2017 Mercedes-AMG C63 S Coupe First Drive


2017 Mercedes-AMG C63 S Coupe First Drive

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The Ascari Race Resort is a European country club for those who like to drive fast rather than golf. Situated in Malaga, Spain, near the Mediterranean Sea, it’s a playland for well-heeled Europeans to flog exotic machines, bask in the sun, and be pampered by the resort’s staff.
Top Gear fans will recognize Ascari from the 2007 episode in which we met the Stig’s bikini-clad wife and watched the guys compare the Mercedes-Benz C63 AMG with the BMW M3 and the Audi RS4. In the hands of the Stig, the C63 barely edged out the RS4 but lost out to the M3 by five seconds in timed laps around the track. The Mercedes had more power than the BMW, but proved unwieldy at the limit, its lack of precision causing oversteer and understeer while the BMW hunkered down to dispatch corners with ease.
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Fast forward eight years and we have a new generation C63. The sedan came out earlier this year and the coupe is due next Spring. We were lucky enough to get a preview test drive as Mercedes-AMG flew journalists to Spain to experience its new C63 S coupe at Ascari and on the roads near Europe’s most southern point.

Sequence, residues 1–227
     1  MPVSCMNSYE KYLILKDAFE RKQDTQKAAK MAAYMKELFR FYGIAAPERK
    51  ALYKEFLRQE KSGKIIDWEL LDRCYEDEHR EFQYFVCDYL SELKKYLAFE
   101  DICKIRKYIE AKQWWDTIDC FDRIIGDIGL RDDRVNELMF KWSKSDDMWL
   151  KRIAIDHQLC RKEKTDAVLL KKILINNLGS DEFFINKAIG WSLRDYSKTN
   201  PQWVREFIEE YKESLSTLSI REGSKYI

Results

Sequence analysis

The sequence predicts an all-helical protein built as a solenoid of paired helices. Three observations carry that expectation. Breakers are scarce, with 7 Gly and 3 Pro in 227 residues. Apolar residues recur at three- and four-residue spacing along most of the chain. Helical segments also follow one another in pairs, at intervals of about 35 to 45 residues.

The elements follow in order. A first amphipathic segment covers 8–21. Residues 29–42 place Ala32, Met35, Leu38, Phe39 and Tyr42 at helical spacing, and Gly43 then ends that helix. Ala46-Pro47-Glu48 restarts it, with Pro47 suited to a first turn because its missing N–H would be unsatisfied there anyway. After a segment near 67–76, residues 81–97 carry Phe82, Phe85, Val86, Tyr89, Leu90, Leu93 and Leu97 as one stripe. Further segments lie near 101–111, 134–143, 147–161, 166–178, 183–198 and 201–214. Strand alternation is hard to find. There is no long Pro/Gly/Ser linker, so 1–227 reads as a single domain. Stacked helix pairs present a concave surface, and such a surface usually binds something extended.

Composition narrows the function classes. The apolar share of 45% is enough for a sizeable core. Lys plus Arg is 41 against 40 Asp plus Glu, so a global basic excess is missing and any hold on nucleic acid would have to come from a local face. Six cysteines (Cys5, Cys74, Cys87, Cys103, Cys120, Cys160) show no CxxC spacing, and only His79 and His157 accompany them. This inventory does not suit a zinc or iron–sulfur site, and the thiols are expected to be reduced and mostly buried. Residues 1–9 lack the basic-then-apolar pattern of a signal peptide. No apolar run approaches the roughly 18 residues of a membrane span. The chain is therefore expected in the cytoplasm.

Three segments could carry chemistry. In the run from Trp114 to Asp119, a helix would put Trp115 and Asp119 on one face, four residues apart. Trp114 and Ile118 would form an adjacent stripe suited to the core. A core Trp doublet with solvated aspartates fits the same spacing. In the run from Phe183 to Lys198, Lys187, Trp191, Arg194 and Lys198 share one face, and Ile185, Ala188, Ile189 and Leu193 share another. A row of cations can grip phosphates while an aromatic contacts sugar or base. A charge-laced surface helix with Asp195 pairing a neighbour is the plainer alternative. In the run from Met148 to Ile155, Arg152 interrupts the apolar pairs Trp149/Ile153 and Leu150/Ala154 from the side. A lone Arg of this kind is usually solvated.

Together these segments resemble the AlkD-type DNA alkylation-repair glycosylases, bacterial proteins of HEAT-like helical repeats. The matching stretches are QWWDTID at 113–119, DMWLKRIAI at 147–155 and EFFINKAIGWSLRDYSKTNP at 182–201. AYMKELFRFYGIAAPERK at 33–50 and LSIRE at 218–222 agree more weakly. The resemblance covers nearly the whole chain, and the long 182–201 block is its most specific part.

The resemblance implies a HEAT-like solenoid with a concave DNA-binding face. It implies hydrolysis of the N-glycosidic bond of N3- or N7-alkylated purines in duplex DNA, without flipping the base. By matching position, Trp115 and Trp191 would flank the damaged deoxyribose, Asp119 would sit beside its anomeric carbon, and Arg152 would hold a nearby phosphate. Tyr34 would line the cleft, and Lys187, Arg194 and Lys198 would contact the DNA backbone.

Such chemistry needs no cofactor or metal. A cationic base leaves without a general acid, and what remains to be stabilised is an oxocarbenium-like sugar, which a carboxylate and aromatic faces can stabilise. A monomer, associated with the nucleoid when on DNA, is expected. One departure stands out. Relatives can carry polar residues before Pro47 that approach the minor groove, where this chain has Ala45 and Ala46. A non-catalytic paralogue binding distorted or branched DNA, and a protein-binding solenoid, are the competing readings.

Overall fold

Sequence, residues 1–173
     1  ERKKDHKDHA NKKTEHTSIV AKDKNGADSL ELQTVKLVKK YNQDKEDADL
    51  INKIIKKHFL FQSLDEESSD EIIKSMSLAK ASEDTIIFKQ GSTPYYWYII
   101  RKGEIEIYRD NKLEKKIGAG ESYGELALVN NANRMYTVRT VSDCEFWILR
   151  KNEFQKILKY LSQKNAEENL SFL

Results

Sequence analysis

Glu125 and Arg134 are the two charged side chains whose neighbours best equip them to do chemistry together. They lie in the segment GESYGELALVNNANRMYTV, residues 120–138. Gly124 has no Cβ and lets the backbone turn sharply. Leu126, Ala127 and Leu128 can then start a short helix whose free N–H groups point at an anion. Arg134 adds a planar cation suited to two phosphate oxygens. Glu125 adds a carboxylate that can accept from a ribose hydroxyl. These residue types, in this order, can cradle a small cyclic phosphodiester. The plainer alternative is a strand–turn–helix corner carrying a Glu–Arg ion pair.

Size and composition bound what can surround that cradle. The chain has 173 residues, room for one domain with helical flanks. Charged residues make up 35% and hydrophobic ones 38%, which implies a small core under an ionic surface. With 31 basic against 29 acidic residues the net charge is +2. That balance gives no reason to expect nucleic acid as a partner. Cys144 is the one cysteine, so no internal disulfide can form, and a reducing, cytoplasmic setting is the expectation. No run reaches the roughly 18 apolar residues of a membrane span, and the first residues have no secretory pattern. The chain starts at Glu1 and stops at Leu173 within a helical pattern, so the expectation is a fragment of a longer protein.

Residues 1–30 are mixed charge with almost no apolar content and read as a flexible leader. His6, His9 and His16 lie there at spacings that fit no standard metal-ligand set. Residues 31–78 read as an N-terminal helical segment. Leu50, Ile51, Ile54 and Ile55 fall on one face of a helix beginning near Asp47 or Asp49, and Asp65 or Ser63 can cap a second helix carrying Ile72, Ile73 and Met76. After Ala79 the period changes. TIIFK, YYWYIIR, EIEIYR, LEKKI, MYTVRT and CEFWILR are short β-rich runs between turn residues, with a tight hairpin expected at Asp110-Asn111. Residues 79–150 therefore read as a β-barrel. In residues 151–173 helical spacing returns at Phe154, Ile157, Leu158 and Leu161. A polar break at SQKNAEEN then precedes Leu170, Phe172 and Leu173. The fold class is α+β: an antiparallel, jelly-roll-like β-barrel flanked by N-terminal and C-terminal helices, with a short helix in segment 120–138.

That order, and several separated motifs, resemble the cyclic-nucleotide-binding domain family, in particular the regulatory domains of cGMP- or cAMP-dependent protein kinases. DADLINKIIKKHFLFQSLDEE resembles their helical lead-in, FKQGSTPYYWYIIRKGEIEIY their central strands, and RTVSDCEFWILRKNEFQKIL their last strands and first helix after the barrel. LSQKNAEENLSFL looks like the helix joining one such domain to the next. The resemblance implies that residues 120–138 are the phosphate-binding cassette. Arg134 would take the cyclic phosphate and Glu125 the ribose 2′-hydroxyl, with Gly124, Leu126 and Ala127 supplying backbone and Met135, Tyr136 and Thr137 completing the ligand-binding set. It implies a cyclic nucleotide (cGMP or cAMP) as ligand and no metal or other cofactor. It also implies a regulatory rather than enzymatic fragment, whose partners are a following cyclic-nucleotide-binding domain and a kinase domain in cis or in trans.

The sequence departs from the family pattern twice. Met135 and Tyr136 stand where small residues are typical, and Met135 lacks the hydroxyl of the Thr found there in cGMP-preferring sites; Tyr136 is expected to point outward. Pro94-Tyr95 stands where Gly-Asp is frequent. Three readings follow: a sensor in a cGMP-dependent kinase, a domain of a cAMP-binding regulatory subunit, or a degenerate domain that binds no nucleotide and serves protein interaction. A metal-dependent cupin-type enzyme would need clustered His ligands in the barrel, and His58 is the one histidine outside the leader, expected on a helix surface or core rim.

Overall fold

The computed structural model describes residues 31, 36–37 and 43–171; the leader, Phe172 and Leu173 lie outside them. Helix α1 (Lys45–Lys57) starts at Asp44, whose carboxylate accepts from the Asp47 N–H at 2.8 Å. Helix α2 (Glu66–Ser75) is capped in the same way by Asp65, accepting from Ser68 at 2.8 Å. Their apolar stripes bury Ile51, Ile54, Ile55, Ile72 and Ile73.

C63: The Next Generation
The new C63 benefits from the updates made to the base car, namely, a strong new structure and an order of magnitude greater refinement. With competitors like the BMW M4, the brilliant Cadillac ATS-V, and the Lexus RC F—all of which are new in the past year or so—the new C63 needs strong roots to be a viable competitor.
Under the hood lurks the biggest kid on the block. While BMW has switched to a twin-turbocharged 3.0-liter inline six-cylinder, and Cadillac has chosen a twin-turbo V-6, the C63 features a twin-turbocharged (bi-turbo in Mercedes speak) 4.0-liter V-8 with both turbochargers in the “hot inside V” between the cylinder heads. The base version cranks out 469 horsepower and 479 pound-feet of torque. The C63 S turns up the wick to 503 horsepower and 516 pound-feet of torque.
The transmission is no slouch, either. It’s a seven-speed dual-clutch gearbox that can be shifted manually via a pair of steering wheel paddles.

The AMG team decided that the coupe should be sportier than the already adept C63 sedan. To accomplish that goal, AMG gave the coupe a wider track front and rear, bigger tires, and a completely different rear end. The tires are 10 mm wider up front and 20 mm wider in the rear. The rear axle has a different geometry, a 50 mm wider track, and more negative camber; it also uses uni-ball steel bushings instead of rubber bushings. The S model also gets an electronic limited-slip differential, while the base version features a mechanical version.
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Like the C63, both AMG coupes also come with AMG Ride Control adjustable dampers with sport and comfort settings, as well as dynamic engine mounts that stiffen to improve agility and loosen to improve noise, vibration, and harshness.
Source: CarConnection

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